Working at the “Happiest Place on Earth”: “I’m living my dream of being a professional actress, and I am beyond grateful. Walt Disney World has been an incredible place to work,” she says.

The show, which runs about 18 minutes, is performed throughout the day and evening. Photo: Cliff Wang

When another college dissuaded Jacob Santos, '19, from following his dreams and majoring in theatre, he transferred to Southern and never looked back.

There are 14 Newman's Own Fellows, including (back row, third from left) Jacob Santos, '19. The foundation recently hosted the Fellows at a retreat.

Jacob Santos, ’19, is one of only 14 Newman’s Own Foundation Fellows for 2019-20 — and one of only three recipients to graduate from a public college or university. The Newman’s Own Foundation, which was founded by the late actor and philanthropist Paul Newman, launched the 12-month fellowship to develop the next generation of leaders in the nonprofit sector.

Santos is serving as the managing director fellow with Westport Country Playhouse in Connecticut, a post he describes as his dream job.

Transferring to Southern: Santos started college at another university, majoring in pre-pharmacy, which he quickly realized was not a good fit. He’d acted in high school and remained drawn to the stage. So he decided to talk to his former adviser at that previous college about changing his major.

“That ended up being a very unfortunate conversation,” says Santos. “They discouraged me from trying to become a theatre major, and the wordage they used made it seem like it was an elite club that took themselves seriously. Due to this, I wouldn’t be a good match. This was upsetting . . . How could they know I wasn’t good enough to be part of a department that valued high-quality work and talent? Looking back, it’s even more disappointing because people of color often have many barriers and lack of access to theatre,” says Santos.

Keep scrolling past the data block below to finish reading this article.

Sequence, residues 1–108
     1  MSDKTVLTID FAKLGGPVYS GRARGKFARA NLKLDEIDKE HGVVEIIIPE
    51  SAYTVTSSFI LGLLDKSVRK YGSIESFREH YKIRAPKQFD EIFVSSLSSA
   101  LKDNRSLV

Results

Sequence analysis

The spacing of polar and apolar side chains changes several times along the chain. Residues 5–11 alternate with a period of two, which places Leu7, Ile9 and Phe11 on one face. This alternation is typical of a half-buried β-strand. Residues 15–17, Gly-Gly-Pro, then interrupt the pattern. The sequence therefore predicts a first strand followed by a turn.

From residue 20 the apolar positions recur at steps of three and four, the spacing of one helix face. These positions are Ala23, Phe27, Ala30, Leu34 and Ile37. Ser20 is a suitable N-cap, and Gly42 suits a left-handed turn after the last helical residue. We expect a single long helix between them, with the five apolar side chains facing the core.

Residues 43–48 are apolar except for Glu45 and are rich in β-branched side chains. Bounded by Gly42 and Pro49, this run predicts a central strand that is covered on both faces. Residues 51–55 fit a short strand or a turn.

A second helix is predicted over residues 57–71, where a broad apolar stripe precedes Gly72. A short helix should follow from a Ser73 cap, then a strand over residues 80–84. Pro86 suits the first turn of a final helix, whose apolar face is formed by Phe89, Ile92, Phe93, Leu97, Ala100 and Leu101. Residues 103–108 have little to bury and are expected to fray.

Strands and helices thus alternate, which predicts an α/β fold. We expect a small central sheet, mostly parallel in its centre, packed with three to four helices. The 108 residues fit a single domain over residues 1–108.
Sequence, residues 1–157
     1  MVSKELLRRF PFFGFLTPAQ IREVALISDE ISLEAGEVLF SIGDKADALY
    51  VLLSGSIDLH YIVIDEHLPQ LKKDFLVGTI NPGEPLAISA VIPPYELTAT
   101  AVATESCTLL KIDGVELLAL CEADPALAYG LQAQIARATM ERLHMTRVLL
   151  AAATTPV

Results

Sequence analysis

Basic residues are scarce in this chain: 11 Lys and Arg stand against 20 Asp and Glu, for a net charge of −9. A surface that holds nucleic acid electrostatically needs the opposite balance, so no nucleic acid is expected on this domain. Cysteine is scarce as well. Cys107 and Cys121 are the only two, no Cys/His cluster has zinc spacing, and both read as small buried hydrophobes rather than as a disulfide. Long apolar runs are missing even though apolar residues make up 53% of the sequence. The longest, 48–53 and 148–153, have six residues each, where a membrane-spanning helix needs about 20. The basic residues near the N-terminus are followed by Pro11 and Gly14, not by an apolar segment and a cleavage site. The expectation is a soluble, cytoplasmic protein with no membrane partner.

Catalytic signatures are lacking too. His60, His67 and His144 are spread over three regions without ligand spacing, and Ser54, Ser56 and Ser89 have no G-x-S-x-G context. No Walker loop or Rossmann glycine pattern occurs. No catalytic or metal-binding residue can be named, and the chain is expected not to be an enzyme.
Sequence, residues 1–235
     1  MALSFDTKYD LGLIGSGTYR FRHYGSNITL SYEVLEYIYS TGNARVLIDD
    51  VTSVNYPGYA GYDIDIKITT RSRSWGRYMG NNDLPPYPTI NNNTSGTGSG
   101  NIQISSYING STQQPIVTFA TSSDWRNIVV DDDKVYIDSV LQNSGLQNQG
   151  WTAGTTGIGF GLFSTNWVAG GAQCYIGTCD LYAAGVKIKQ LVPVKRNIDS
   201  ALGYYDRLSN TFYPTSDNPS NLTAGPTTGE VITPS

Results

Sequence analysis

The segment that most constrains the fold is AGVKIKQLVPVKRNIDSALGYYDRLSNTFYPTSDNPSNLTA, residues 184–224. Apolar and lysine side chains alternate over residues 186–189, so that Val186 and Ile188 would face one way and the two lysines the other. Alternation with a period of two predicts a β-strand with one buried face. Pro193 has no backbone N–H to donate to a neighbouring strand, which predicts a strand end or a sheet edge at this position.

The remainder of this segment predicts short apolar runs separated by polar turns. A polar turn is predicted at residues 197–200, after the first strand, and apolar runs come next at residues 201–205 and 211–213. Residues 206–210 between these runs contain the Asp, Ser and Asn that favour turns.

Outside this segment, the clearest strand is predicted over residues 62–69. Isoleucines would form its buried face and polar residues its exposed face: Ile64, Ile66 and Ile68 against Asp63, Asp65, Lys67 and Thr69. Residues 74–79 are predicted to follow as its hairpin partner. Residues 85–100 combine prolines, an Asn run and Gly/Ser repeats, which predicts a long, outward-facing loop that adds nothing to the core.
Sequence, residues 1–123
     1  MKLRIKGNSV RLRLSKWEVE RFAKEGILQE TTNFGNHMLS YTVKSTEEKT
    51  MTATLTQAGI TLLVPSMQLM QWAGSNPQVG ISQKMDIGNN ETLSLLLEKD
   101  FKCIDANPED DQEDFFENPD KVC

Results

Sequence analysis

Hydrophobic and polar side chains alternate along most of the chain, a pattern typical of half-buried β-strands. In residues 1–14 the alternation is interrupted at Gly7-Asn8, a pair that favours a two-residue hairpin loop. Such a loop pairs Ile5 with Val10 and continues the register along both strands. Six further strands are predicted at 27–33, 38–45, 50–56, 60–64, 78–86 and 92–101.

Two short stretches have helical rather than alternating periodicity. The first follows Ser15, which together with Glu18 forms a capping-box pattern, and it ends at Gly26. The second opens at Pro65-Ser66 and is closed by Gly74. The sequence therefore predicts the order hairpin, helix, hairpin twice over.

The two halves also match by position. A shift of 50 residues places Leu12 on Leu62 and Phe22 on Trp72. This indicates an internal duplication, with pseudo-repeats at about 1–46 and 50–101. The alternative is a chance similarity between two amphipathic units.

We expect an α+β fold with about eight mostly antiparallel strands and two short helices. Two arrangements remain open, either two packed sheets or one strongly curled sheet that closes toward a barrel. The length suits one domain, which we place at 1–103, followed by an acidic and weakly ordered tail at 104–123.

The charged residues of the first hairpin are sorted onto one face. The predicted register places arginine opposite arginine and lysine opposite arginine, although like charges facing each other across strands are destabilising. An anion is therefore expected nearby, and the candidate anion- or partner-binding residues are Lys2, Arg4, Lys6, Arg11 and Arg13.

Becoming an Owl: “With that experience I knew I had to go to an institution that would give me a chance and value me,” says Santos, adding that he was drawn to the reputation of Southern’s theatre program. “New Haven was a perfect location for the arts. It is close to many other local theaters and a short train ride away from New York City,” he says.

A Southern mentor: Santos lauds Associate Professor of Theatre Kaia Monroe-Rarick, describing her as his professor, director, adviser, and supervisor. “I credit her with giving me almost every opportunity I’ve had in theatre. . . . She cast me in my first show, helped me get a job in the theatre office [at Southern], and gave me my first chance to go to the Kennedy Center American College Theatre Festival in our region,” he says.


A new career goal: Santos dreamed of a career in theater management — and charted his course by pursuing two degrees (business administration and theatre). “I was lucky to have advisers and professors who cared enough to pave that road with me. People like Professor Kaia or Rebecca Goodheart [artistic producer of the Elm Shakespeare Company, Southern’s theatre in residence] who gave me my first theatre management internship,” he says.

An amazing senior experience: Completing an arts administration internship through the ASPIRE leadership program at the Kennedy Center American College Theatre Festival * The internship focuses on engaging people of color, women, and members of other groups that are consistently underrepresented in the field. “[Associate] Professor Michael Skinner knew of my interest in theater management and told me this was something I had to do,” says Santos.

Biggest source of pride: “My work in creating the Crescent Players of Color Coalition was one of the most rewarding, out of class experiences I had at Southern. It was an exercise in advocacy for oneself and for one’s community,” he says.

Supporting inclusivity: “Issues of equity, diversity, and inclusion weren’t unique to Southern’s theatre department,” says Santos. “It is an industry-wide issue with many theatres and institutions-at-large being faced with the question of ‘how are you going to evolve in a world that is become increasingly diverse?’ What was unique to Southern, however, was how they dealt with our questions. Speaking with other young leaders of color, many have faced backlash or apathy when they brought these issues forward to their universities. Our department, on the other hand, was completely game to hold as many conversations as needed to figure out specific actions we could do to change and grow,” says Santos.